Shaping the profession

The vital work that CSP education representatives do is crucial to help build a workforce that is fit for the future, as Anna Irwin-Childs explains

Shaping up

One of the CSP’s obligations under its Royal Charter is ensuring the high quality of physiotherapy education, which is monitored through our Quality, Assurance and Enhancement (QAE) activities. To support this, we link higher education institutions with an education representative to act as a ‘critical friend’. 

Our volunteer education representatives, who are all CSP members, receive ongoing support from the CSP’s education team as they strive to ensure that pre-registration training for the profession will best prepare the physiotherapy workforce of the future. Here we hear from two educational representatives about the work they do and their experiences of the role.

What does an education representative do?

  • offer support during the development of new programmes, and ad-hoc advice when needed.
  • form the QAE network, coming together four times a year for discussion meetings as well as an annual development day. These focus on reviewing updates to education-related policy, guidance and regulatory requirements, as well as AQR themes and outcomes.
  • join online panels, with small groups reviewing operational business, such as accreditations, programme changes, and education representative applications.

    Helen Batty: principal lecturer, Sheffield Hallam University

    Helen Batty
    Helen Batty

    I have been an education representative since 2019. It has been a great opportunity to support the CSP in their quality assurance of physiotherapy educational programmes. 

    I am linked with two universities and work as a critical friend for their programmes. 

    I have been involved in re-approval events and support programme teams to ensure their programmes are contemporary and meet the needs of the future physiotherapy workforce in the ever-changing healthcare climate. The role also involves reviewing Annual Quality Review (AQR) data and writing a short report, attending the QAE meetings a few times a year, and attending an annual development day. 

    The role enables me to view the national picture of physiotherapy education and to work with the CSP education team.

    It enables me to learn and share best practice and bring innovations back to my own institution.

    I have built relationships with the CSP education team and education reps from across the country, leading to some helpful working partnerships.  The time commitment is small compared to the gains in terms of my own continued professional development and the benefits for my institution. I would encourage others to take on the role.

    Jane Hislop: co-programme director, simulation based clinical education, Edinburgh Napier University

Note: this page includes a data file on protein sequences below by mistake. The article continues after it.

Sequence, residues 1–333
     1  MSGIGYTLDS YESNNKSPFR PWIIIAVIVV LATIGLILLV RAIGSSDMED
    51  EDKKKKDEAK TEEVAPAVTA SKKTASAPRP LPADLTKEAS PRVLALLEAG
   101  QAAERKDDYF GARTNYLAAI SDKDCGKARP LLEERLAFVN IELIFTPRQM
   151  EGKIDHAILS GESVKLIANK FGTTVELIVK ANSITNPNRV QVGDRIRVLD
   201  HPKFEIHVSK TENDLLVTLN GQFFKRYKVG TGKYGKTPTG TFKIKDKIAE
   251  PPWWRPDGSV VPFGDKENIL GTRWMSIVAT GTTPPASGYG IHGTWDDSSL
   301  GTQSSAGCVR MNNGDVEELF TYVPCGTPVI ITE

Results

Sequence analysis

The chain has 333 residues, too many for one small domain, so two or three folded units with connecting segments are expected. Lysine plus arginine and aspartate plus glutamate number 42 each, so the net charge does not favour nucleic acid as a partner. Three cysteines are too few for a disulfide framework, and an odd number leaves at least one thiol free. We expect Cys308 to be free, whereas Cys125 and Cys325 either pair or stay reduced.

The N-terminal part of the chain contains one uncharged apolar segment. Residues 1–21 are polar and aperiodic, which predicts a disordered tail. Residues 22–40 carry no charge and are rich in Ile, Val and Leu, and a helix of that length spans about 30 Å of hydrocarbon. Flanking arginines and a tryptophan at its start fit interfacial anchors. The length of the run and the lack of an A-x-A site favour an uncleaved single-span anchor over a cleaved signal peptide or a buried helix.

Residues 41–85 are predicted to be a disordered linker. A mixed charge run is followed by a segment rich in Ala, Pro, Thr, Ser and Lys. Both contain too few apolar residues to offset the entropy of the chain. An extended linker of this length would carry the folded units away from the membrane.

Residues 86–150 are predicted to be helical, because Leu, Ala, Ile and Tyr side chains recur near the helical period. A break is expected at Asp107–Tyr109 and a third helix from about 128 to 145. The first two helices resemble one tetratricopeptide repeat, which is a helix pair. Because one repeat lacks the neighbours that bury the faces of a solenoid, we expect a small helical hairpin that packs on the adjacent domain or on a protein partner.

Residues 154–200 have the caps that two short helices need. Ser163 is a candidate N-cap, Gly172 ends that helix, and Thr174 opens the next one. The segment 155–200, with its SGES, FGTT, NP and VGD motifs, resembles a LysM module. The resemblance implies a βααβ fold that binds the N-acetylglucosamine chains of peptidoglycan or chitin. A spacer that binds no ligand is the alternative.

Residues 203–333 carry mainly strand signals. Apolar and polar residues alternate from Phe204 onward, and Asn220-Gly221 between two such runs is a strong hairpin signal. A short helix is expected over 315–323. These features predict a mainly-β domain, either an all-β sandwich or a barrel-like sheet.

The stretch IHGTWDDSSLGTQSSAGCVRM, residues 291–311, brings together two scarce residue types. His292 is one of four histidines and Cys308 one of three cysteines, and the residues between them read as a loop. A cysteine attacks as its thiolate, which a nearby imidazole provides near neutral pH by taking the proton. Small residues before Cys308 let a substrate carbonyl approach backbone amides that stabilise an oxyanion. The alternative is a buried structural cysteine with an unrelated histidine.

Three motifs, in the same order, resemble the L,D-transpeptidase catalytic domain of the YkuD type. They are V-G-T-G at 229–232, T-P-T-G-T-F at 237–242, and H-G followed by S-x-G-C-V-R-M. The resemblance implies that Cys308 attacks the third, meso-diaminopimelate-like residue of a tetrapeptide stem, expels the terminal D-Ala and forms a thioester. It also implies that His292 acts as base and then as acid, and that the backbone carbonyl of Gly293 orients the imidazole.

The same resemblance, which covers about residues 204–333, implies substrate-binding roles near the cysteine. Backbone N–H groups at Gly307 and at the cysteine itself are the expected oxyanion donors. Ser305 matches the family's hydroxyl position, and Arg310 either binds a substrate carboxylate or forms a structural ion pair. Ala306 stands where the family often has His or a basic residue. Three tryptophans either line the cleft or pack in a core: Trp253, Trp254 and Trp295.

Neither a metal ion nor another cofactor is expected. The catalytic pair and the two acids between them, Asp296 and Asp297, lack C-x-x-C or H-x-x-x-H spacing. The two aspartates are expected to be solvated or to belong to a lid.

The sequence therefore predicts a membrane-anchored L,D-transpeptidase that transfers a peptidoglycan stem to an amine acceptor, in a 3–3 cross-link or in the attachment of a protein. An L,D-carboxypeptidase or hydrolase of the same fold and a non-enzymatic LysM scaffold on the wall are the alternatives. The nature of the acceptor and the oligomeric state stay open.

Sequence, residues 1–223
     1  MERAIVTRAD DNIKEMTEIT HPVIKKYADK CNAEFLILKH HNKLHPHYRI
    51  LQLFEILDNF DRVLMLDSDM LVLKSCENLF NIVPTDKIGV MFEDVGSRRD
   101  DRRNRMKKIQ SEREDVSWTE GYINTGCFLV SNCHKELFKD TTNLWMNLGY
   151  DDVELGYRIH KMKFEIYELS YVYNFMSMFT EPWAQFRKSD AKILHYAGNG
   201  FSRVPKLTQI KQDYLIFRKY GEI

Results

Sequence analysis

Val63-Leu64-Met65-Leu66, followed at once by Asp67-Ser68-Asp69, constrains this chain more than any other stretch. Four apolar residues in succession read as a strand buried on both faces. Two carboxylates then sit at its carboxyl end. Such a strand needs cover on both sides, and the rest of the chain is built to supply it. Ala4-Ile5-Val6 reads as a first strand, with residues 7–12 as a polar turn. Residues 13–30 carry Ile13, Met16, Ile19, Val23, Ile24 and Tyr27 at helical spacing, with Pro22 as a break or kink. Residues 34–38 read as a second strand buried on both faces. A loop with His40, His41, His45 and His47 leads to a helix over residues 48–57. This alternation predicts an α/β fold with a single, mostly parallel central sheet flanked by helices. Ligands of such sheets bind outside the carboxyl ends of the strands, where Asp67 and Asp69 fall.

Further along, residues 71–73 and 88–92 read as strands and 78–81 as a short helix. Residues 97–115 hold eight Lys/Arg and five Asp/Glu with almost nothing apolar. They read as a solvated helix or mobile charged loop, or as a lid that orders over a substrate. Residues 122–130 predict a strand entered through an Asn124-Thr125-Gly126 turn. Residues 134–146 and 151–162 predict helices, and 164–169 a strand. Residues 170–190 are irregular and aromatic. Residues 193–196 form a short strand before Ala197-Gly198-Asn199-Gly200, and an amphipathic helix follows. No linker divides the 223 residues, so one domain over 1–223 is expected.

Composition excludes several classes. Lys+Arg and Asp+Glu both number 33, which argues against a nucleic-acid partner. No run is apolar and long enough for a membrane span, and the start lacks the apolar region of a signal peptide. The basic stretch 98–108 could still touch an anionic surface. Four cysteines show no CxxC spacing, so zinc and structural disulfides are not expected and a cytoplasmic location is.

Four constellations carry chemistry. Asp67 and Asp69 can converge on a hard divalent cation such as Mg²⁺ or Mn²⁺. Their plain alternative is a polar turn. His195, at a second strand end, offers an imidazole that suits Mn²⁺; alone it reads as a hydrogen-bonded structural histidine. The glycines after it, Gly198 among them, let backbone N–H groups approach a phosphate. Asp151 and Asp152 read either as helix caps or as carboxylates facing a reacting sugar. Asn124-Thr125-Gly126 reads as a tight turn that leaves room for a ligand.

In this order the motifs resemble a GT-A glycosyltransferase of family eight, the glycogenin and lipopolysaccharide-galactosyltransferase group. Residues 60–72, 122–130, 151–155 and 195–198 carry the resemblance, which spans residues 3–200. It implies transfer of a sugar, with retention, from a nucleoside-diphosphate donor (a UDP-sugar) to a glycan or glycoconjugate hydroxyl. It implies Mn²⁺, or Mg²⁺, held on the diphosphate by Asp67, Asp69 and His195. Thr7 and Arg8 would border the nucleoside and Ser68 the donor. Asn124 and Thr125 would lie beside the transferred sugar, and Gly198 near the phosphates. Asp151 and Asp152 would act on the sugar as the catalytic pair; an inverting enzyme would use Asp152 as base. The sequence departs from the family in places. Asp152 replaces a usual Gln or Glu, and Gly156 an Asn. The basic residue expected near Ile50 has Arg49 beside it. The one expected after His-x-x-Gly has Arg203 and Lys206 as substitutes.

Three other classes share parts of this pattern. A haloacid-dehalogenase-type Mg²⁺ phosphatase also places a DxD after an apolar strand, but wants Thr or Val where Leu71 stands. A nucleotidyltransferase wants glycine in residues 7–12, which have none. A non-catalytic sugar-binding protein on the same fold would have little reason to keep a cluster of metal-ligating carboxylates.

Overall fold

Jane Hislop
    Jane Hislop

    I’ve been an education representative since 2020. I became aware of the importance of this role through my own experience of having invaluable support from our CSP education representative when I was developing a new pre-registration MSc in physiotherapy.  I found it very beneficial to have the opportunity to discuss and share my aspiration and concerns and valued being able to draw on their expert advice, guidance and mentorship.  

    As an education representative, I try to use my own experiences to offer support and give an external perspective.

    I’ve found it really enjoyable to get to know another physiotherapy programme and the programme team and to hear how they have managed the challenges common to many programmes. For example, managing the pressures that come with increasing student numbers to meet the growing need for physiotherapists within health and social care, and the need to explore innovative ways to increase placement capacity. 

    I’ve gained a lot personally and professionally from this experience. I have enjoyed the opportunity to meet and discuss aspects of physiotherapy education with other representatives and feel privileged to be in a position where I can have an impact on the quality of physiotherapy education for our future workforce. This is something I feel very passionate about.

    Become a CSP education representative 

    Volunteering as a CSP education representative means that you become part of a national team that ensure the high quality of physiotherapy education. We currently have 45 CSP education representatives and they are an essential link between higher education institutions and the CSP.

    To become a CSP education representative you will need to be a HCPC-registered chartered physiotherapist, qualified to master’s degree level and with at least five years’ experience of delivering a pre-registration degree programme in physiotherapy.  

    We are always keen to recruit new volunteers and grow our network. It’s an invaluable, rewarding role, providing a great opportunity to become more involved with the CSP and influence the future of the profession, and a chance to join a supportive peer community. 

    If you are interested in volunteering as a CSP education representative and want more information, please contact the education team for more information. You can email us at:

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